After some much-needed time off, undoubtedly too many desserts, and never enough gifts, it’s time…
(note – this blog originally ran on CPATechViews.com)
I am back on my soapbox about client service – and I do not think this dead horse has been beaten nearly enough!
Perhaps I feel the way I do because of my upbringing. My Dad was a manufacturer’s rep who sold ladies all-weather coats to small Mom & Pop boutiques throughout Texas, Oklahoma and Eastern New Mexico. OK – he was a salesman, but he put two kids through college and never really had to borrow much more money than the original mortgage on the house. Quite a success story – but the one thing that stuck with me while he was working (he’s now retired and 85 years old) was that he treated each and every customer with huge respect, but more than that, he made each one feel as if he or she were his ONLY customer.
Quite a feat. Unlike today, there were no business books on customer service or anything about a mouse moving cheese that helped him accomplish this. He did this on his own by using common sense, yes, but even more so, he figured out what his customers wanted before they actually knew they wanted it.
He used to tell me this was the number one rule of sales – and now, some 40 years later, I still believe it.
What I don’t believe, however, is the way firms treat their clients. Instead of constantly staying in touch with them, accountants wait for the client to call them. I can see the accountant now, eyes glued to the phone waiting for it to ring.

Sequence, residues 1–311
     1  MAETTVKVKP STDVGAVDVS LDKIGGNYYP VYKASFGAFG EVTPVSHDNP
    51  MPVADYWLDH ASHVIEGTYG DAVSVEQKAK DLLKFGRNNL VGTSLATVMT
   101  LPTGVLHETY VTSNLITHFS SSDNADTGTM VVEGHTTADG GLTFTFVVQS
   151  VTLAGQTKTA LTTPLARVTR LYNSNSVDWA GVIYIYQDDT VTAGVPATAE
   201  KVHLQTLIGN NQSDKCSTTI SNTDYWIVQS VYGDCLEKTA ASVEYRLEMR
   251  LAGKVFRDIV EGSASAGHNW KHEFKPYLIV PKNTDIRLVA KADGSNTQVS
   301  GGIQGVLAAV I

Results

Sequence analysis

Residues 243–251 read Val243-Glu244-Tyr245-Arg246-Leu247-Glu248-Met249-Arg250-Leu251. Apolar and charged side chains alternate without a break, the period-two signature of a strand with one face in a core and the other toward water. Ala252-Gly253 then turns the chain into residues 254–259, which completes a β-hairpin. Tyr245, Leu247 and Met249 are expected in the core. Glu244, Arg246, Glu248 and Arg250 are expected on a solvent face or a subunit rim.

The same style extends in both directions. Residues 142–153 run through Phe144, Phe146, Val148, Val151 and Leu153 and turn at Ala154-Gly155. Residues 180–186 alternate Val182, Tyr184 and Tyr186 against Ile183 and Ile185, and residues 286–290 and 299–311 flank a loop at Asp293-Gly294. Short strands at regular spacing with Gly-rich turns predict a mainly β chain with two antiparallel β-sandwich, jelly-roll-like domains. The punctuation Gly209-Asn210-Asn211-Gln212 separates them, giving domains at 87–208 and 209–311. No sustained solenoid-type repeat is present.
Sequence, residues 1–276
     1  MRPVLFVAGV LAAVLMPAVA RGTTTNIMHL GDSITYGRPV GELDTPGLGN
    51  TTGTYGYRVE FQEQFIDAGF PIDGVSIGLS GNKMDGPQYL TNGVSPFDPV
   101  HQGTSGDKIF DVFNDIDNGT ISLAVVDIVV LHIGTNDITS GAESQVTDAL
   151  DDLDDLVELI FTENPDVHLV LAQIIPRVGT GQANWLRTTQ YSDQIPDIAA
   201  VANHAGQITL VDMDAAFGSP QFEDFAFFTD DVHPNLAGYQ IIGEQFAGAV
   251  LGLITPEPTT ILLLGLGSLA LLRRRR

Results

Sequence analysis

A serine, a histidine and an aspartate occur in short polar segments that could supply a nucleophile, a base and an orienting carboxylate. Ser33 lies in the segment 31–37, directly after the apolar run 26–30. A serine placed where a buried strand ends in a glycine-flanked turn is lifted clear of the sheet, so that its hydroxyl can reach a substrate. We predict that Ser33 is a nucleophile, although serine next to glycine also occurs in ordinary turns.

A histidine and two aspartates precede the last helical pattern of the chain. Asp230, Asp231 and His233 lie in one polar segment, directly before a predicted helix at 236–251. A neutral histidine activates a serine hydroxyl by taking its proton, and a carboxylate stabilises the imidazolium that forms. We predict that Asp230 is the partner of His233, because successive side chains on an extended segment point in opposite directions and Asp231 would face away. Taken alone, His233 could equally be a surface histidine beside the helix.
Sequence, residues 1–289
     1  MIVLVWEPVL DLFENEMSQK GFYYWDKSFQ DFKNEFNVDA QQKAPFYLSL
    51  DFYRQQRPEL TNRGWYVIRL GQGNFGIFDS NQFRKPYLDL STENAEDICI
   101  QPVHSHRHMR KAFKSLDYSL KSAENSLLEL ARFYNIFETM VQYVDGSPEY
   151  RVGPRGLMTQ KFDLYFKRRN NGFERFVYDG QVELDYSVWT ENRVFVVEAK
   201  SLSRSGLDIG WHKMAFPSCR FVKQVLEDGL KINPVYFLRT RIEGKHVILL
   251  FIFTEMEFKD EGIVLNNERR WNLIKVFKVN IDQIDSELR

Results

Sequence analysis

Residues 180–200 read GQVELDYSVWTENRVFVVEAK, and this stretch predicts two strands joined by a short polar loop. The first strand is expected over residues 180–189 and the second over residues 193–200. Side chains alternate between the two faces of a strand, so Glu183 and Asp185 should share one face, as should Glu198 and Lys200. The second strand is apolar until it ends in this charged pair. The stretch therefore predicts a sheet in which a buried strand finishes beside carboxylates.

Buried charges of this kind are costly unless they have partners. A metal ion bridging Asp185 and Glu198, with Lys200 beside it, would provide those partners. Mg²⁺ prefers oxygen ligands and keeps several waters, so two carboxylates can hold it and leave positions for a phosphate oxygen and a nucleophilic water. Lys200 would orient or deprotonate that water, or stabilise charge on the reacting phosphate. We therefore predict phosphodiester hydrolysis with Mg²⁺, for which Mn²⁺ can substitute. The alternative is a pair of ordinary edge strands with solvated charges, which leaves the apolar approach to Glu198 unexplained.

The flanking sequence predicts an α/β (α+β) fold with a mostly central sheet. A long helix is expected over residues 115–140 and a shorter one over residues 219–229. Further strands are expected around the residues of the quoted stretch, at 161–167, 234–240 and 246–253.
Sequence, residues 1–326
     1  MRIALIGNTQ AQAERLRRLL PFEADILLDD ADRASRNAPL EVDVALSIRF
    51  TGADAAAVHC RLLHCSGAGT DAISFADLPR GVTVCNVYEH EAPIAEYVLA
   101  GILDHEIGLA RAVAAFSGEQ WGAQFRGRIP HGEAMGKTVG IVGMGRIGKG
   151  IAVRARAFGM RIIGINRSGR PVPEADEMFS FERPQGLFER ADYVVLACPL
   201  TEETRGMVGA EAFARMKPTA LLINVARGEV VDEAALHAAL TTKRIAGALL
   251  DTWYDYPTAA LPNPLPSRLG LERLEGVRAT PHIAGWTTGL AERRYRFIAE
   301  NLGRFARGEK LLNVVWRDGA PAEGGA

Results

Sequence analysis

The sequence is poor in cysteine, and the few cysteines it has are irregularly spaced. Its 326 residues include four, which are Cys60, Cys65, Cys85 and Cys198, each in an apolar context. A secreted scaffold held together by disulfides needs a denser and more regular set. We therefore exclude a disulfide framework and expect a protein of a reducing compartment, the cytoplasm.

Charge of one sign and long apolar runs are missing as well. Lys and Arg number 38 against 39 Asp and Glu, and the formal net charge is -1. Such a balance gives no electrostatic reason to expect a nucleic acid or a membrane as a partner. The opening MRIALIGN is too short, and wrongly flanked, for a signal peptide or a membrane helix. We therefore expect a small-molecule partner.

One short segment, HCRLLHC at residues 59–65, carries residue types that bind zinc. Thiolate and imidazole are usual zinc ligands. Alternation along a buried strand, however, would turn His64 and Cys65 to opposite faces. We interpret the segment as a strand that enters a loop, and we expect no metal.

Ok – that’s an absurd scenario, but I think you get my point. Firms should make client service their #1 priority by paying attention to the needs and wants of the clients, but also anticipating what else the client wants. It’s an age-old example, but if a client has a capital gain or loss on his or her return, it’s quite likely the client might need some estate planning consultation. Did the client acquire a business during the past year? Is there a business valuation required? What about simple advice for the really small business client who is on QuickBooks. Shouldn’t you advise your client whether to upgrade to QuickBooks 2011?
These are simple illustrations, but the bottom line is to show your clients how much you care about them by asserting yourself before it’s too late. If you don’t, it’s very likely the client will go spend his or her money somewhere else. At that point, you’ll really be waiting for the phone to ring.